DEPLETING GAS RESOURCES

KANWAL SALEEM
(feedback@pgeconomist.com)
July 25 - 31, 20
11

As per the official figures, Pakistan's own balance of recoverable natural gas reserves stood at 28.33 trillion cubic feet per day (mmcfd) by January 1, 2010. The average daily gas production in the country was 4.5 billion cubic feet and consumption 6.5 billion cubic feet by June 30, 2011.

The country would continue to face gas load-shedding till 2025 due to unjust utilization and excessive use of precious gas resources of the country, as the gap between demand and supply has gradually been increasing and there is no chance to get rid of gas load-shedding till 2025.

The country's domestic energy resources are expected to reach the peak of 54 million Tones Oil Equivalent (TOE) in 2013. However, it would decline to 43 million TOE by fiscal year 2025, primarily because of decline in natural gas production.

Fossils fuels including gas, oil and coal in energy mix could be projected to be at the same level of 88 per cent while the share of domestic resource in fossil fuel supplies is being to fall from present 64 to 18 per cent in FY 2025 in the Business As Usual (BAU) scenario.

Sources told PAGE that oil import bill may go up to $60 billion in FY 2025, 400 per cent higher than the amount of $12 billion, which was spent on oil imports during FY11, i.e. 63 per cent of country's export earning.

The country's energy supply mix for FY2009-10 was recorded up to 66.5 million TOE out of which Hydro-Nuclear Electricity stood at 11.8 per cent, Coal energy 7.4 per cent, Liquefied Petroleum Gas 0.4 per cent, natural gas 51 per cent and furnace oil 29.4 per cent.

During FY 2010-11 major part of the petroleum products particularly crude and furnace oil up to 43 per cent was used to generate electricity power, 0.5 per cent in domestic sector, 47 per cent for transport segment, 7 per cent of total oil consumption in industrial and lowest share of oil consumption was recorded in agriculture sector.

Official estimates show total 3,982 MMCFD gas was produced with highest share from Sindh 2,805 MMCFD equal 70 per cent of the total, second largest producer Balochistan 898 MMCFD showing 23 per cent of total production, 186 MMCFD in Punjab showing 5 per cent of total production during FY 2009-10. However, a decline in consumption than production was observed during the same fiscal year. The highest consumption was in Punjab province up to 1,616 MMCFD i.e. 46 per cent of total consumption, 1,498 MMCFD in Sindh (43 per cent), Balochistan 243 MMCFD (7 per cent) and 122 MMCFD gas was consumed in Khyber Pakhtunkhwa province showing only four per cent consumption of the total 3,480 MMCFD gas.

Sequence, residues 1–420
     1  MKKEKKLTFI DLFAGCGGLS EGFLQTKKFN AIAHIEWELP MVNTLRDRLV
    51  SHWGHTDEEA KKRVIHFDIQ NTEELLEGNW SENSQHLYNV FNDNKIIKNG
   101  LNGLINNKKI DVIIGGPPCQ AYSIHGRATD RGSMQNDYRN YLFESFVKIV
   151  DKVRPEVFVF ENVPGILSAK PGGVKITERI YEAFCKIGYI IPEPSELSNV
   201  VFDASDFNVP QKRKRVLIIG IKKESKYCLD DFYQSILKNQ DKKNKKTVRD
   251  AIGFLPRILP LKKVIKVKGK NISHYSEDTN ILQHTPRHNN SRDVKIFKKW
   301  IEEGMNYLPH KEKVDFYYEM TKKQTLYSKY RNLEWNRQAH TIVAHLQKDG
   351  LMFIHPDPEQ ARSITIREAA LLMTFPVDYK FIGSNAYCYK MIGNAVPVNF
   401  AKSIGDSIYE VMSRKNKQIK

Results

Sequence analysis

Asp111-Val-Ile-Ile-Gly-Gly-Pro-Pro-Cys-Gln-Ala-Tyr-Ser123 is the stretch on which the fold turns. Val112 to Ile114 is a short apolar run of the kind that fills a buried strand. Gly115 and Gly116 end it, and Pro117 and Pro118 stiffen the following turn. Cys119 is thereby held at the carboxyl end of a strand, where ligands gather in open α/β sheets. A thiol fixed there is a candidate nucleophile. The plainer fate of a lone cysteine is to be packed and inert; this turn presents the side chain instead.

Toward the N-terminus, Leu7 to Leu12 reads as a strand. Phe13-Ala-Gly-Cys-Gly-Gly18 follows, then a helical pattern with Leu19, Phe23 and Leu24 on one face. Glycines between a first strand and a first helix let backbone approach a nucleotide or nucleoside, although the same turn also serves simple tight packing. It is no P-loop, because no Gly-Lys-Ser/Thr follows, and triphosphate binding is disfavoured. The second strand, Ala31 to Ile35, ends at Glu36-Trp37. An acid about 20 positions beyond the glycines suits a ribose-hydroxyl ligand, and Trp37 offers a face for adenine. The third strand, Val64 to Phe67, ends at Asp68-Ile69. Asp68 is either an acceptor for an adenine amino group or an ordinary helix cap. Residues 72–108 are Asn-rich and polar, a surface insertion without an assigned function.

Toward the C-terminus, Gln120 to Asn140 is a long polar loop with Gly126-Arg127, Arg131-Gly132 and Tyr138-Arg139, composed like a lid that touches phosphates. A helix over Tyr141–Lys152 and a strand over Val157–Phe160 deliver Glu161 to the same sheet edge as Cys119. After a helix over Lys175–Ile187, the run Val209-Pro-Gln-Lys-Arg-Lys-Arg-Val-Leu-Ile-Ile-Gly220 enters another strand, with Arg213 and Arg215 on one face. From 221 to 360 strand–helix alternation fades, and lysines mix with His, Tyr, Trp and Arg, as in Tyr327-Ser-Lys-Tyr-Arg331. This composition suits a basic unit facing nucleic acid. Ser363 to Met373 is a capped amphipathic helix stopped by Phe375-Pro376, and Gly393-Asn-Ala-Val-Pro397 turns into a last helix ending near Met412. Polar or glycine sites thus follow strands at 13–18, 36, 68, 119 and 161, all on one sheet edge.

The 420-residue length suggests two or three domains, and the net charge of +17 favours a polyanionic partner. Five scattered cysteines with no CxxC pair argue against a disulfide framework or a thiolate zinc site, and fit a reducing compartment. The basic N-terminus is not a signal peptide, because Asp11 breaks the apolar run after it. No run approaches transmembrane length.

Sector wise gas consumption pattern during FY 2009-10 showed that highest level of gas consumption was recorded in power sector up to 1.165 MMCFD where gas was used to generate electricity by Independent Power Producers (IPPs), 594 MMCFD gas was consumed by industrial sector, 559 MMCFD by domestic consumer, 197 MMCFD by Condensed Natural Gas (CNG) sector, 438 MMCFD in fertilizer sector, 35 MMCFD in Cement industry, 92 MMCFD gas was consumed in commercial sector, while 290 MMCFD gas was utilised for captive power.

Experts are of the firm view that Pakistan direly needs to explore all avenues for getting gas to meet future requirements. They said efforts need to be made to get gas from Iran and CAS. According to the Federal Minister for Petroleum and Natural Resources Dr. Asim Hussain, construction work on Pakistan-Iran gas pipeline would begin within six months.

Survey work on Pakistan-Iran Gas Pipeline project is going on since May this year and the project would be completed by 2014.

It may be recalled that Pakistan has invited expressions of interest (EOI) from national and foreign banks for the construction of a proposed $1.2 billion pipeline to pump Iranian natural gas to the energy-starved country.

The Inter State Gas System (ISGS), a company set up by the government to act as project manager, has set a deadline of August 20 for the submission of expression of interest (EOI) from the banks for financial advisory services.

Under the deal finalized in March last year, Iran will pump 750 million cubic feet of gas to Pakistan each day by 2014.

"ISGS is inviting EOI from reputable/international banks ... to act as financial adviser to assist ISGS in arranging capital (debt and equity) for the project," the company said in a document. "The prospective consortia, if any, may include multiple banks along with other non-banking enterprises, but each consortium shall identify one bank as the lead adviser." The lead adviser would manage the entire transaction up to the financial close, it said.

Sources claimed that a route survey was already underway for laying the 750-km pipeline, which is estimated to cost $1.2 billion. Iran is said to have almost completed construction of its portion of the pipeline. The Pakistani section of the planned pipeline will cross the province of Balochistan, where separatist militants have been targeting power and gas installations for years in a decades-long low-scale insurgency.

Despite security fears over the pipeline, analysts say the southern part of the province, through which it will pass, is less vulnerable and the plans are likely to go ahead.